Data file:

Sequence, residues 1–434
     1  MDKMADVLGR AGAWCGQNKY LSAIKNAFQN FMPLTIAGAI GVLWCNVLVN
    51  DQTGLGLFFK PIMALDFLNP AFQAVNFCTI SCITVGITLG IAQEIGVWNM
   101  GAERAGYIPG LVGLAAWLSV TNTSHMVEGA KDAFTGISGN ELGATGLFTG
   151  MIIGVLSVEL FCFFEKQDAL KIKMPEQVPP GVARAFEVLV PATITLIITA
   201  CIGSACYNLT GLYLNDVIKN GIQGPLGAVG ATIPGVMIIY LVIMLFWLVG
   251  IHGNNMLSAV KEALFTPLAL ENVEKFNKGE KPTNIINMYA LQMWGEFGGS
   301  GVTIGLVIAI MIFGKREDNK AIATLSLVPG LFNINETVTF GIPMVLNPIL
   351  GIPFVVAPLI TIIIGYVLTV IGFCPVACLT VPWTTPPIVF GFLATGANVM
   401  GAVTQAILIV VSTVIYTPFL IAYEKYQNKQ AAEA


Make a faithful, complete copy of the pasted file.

Sequence, residues 1–434
     1  MDKMADVLGR AGAWCGQNKY LSAIKNAFQN FMPLTIAGAI GVLWCNVLVN
    51  DQTGLGLFFK PIMALDFLNP AFQAVNFCTI SCITVGITLG IAQEIGVWNM
   101  GAERAGYIPG LVGLAAWLSV TNTSHMVEGA KDAFTGISGN ELGATGLFTG
   151  MIIGVLSVEL FCFFEKQDAL KIKMPEQVPP GVARAFEVLV PATITLIITA
   201  CIGSACYNLT GLYLNDVIKN GIQGPLGAVG ATIPGVMIIY LVIMLFWLVG
   251  IHGNNMLSAV KEALFTPLAL ENVEKFNKGE KPTNIINMYA LQMWGEFGGS
   301  GVTIGLVIAI MIFGKREDNK AIATLSLVPG LFNINETVTF GIPMVLNPIL
   351  GIPFVVAPLI TIIIGYVLTV IGFCPVACLT VPWTTPPIVF GFLATGANVM
   401  GAVTQAILIV VSTVIYTPFL IAYEKYQNKQ AAEA